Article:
In 1982 my brother was diagnosed with cancer. Stephen had been suffering leg and back pain for months, but X-rays, physio and pain killing drugs had provided neither answers nor relief. He was sent for CT scans. Then for exploratory surgery. A tumour was found in his thigh and he almost lost his leg on the operating table, but on further investigation the surgeon found the cancer had spread to my brother’s pelvis and spine. He was stitched up and the family was told the incomprehensible prognosis that he had just months to live.
When I heard the news I was numb. How could my big brother be dying, for heaven’s sake? He was only 28 years old. Married, with two young children. My mind whirled with disbelief. At home I wandered aimlessly around trying to make sense of it.
And a very strange thing happened. I had a vision. It was not a dream, nor was it like a dream. It was like having a short film projected directly into my mind. I couldn’t stop it. I had to stand still and let it run.
I was at a crematorium. Bewildered and horrified that I was seeing a vision of my brother’s funeral – making the awful prognosis true – I looked around to see who else was there. I saw my mum and dad, my aunts and uncles, my cousins – this was indeed a family funeral. Surely it had to be Stephen’s?
But wait, there was more…
I glanced over my shoulder and there was my brother! My gaze swung back to the flower-bedecked coffin. Who did it contain? Frantically, I scanned the faces in the room to identify who was missing, but the vision dissipated and I was none the wiser. What I was certain of though, was that I would be attending a family funeral soon, and it wouldn’t be Stephen’s. I was left dizzy and shaken by such a powerful revelation, but I spoke of it to no-one.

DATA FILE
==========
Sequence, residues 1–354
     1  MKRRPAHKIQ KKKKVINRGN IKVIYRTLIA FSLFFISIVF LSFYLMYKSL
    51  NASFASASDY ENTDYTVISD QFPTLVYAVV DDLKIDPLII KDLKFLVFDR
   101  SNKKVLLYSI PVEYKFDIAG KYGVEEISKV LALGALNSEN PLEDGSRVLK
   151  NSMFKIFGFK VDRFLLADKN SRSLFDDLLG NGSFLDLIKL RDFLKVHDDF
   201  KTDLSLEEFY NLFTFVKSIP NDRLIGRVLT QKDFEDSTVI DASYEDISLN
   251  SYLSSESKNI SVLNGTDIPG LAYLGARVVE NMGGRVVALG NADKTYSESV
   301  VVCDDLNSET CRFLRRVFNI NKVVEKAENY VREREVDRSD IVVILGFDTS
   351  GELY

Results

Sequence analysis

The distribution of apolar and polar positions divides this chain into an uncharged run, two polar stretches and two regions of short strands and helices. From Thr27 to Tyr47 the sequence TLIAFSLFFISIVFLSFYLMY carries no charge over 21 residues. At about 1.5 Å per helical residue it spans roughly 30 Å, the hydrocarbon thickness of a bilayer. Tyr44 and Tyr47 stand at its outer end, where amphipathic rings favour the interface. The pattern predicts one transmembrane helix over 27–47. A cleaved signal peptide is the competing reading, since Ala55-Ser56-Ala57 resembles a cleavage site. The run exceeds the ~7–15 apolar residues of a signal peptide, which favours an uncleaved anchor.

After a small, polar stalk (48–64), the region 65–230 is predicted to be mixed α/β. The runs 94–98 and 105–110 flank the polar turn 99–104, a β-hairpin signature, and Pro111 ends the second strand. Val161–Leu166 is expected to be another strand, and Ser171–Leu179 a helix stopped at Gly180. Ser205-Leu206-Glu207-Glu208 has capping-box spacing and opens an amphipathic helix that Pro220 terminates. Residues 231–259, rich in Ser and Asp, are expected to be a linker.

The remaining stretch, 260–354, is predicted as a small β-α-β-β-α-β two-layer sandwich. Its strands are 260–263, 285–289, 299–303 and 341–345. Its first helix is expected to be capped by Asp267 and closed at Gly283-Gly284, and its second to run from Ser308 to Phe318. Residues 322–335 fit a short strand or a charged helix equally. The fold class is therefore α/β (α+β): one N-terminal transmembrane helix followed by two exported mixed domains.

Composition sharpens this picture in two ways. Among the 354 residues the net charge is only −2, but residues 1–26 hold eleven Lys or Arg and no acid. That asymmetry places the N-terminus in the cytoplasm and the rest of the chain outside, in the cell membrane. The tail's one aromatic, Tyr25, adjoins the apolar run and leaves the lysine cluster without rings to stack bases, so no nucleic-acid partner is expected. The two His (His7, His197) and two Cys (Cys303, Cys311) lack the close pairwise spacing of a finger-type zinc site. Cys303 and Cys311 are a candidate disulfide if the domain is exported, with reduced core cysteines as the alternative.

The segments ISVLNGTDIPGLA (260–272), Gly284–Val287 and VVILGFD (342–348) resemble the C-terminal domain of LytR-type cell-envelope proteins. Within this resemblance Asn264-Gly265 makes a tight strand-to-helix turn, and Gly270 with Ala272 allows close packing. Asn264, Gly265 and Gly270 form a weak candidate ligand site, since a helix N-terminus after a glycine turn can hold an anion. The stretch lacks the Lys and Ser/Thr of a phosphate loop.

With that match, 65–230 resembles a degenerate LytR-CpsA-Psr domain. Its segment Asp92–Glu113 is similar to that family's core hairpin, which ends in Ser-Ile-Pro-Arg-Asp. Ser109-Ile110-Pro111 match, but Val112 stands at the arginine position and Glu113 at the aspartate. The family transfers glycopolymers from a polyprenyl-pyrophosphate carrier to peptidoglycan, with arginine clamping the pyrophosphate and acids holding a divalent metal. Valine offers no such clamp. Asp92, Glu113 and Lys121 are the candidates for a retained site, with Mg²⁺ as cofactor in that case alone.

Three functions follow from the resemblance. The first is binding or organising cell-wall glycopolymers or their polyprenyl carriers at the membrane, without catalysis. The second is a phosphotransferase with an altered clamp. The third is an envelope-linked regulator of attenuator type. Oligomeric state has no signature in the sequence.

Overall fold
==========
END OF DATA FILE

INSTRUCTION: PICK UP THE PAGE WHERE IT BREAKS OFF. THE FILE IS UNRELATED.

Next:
Stephen embarked on a rigorous course of radiotherapy and chemo, some of it experimental as his particular cancer was rare, particularly in adults. He wasn’t willing to accept his prognosis without a fight. He had indelible black marks drawn on his skin, crosses and arrows as targets for the radiotherapy. The chemo was dreadful, making him so sick and very quickly stripping him of his thick, curly hair. He lost weight and vitality. He told me that he’d been complaining to a nurse at the hospital about how awful he was feeling, but then had been humbled by walking through the children’s cancer ward. After that he endured it all and I never heard him complain again, except to say he didn’t know which would take him first, the disease or the treatment.
During this time my maternal grandmother, a life-long smoker, died from lung cancer. How it must have hurt my mum to go through that, knowing at the same time that her son was dying.
Another blow to the family came when my other grandmother was diagnosed with colon cancer.
Now both my parents were going through the same heartache, but having divorced six years earlier, they could not comfort each other.
I felt helpless. Simply helpless.
Gran passed away in April 1983, and her funeral service was held at the crematorium. My brother was seated behind me, and I realised with a jolt that everything was just as it had been in my vision two years earlier.
Why had I been given that vision? Was it designed to teach me something? Would I experience such a thing again?
My life was about to undergo a profound change.
Next Episode: can a newly-built house be haunted?
J Merrill Forrest is the author of two novels, Flight of the Kingfisher and The Waiting Gate and a collection of poetry, Natural Alchemy. All are available from the usual sources, including Amazon, in paperback or e-book formats.